Featured Post

Dreaming of France - Bojour Tristesse

December 18, 2016: I just dug this up out of the archives, written on New Year's Eve 2012, it was one of my earliest posts linking to Dreaming of France. I thought it was time for a redux:) 

joyeux Noël

It's the last day of 2012 and I haven't done any Best of 2012 lists at all. C'est la vie! Today instead of fulfilling my blogger responsibilities I'm playing along with the Dreaming of France meme hosted by francofile Paulita Kincer at An Accidental Blog. It's a weekly meme where we share our passion for France, whether that's for a napoleon, a visit to Shakespeare & Co, or in this case, a good book and movie. I read the book, Bonjour Tristesse this past summer; written back in 1954 it's a sad story that stays with you. Francoise Sagan, the French author, was only 18 at the time at the time she wrote this debut novel, she later went on to write the more famous A Certain Smile, close to twenty novels, three collections of short stories and several plays.  

The book was such a success that it was adapted for the screen by the great Otto Preminger. Fifties leading man David Niven stars as Cecile's father, a handsome wealthy bachelor playboy who treats her more like a pal than a daughter. Jean Seberg was young Cecile, the teenage girl who idolizes her dad and loves sharing his rather dissolute lifestyle, traipsing along on a series of dates to Parisian nightclubs.  Classy Deborah Kerr plays Anne, an old family friend who comes to visit at the same time papa has a woman staying at their Mediterranean beach cottage. She stirs up the pot with her more conventional outlook and expectations. It's all very glamorous, gorgeous and tragic. I loved the black and white shots of Paris while the full on color shots of the south of France were blindingly beautiful.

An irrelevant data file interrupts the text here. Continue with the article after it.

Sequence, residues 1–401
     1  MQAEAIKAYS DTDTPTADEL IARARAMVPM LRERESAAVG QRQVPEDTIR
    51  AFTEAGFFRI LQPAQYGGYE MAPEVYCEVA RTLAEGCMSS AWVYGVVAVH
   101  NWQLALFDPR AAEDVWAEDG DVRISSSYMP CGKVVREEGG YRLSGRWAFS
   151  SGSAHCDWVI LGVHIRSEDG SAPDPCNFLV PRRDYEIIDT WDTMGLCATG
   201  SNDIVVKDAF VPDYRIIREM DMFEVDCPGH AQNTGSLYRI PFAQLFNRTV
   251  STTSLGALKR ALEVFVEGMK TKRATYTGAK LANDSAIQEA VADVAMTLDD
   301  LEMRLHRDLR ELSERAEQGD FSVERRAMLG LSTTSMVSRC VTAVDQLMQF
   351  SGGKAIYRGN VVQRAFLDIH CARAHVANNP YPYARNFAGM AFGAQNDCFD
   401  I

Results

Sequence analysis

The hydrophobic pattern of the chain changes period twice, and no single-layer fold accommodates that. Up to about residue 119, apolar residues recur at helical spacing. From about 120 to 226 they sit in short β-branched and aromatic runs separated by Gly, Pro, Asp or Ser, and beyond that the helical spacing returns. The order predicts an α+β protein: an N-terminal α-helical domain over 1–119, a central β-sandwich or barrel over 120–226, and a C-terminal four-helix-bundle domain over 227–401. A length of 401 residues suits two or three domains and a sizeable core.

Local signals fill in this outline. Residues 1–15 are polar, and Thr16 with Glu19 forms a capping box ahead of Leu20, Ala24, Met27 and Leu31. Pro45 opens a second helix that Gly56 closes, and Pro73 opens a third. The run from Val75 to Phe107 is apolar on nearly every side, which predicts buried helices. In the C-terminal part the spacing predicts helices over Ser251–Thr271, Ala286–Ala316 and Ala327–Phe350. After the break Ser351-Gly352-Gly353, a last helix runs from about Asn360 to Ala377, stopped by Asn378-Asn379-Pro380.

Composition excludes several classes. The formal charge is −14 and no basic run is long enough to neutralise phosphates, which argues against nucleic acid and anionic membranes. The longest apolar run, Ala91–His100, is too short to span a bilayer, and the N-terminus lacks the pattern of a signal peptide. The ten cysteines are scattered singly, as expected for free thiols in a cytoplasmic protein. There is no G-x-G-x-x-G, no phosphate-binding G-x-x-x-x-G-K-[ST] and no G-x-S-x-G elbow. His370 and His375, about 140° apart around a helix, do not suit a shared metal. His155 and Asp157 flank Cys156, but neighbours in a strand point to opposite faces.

"Endearing, self-absorbed, seventeen-year-old Cécile is the very essence of untroubled amorality. Freed from the stifling constraints of boarding school, she joins her father—a handsome, still-young widower with a wandering eye—for a carefree, two-month summer vacation in a beautiful villa outside of Paris with his latest mistress, Elsa. Cécile cherishes the free-spirited moments she and her father share, while plotting her own sexual adventures with a "tall and almost beautiful" law student. But the arrival of her late mother's best friend, Anne, intrudes upon a young girl's pleasures. And when a relationship begins to develop between the adults, Cécile and her lover set in motion a plan to keep them apart...with tragic, unexpected consequences.
The internationally beloved story of a precocious teenager's attempts to understand and control the world around her, Françoise Sagan's Bonjour Tristesse is a beautifully composed, wonderfully ambiguous celebration of sexual liberation, at once sympathetic and powerfully unsparing."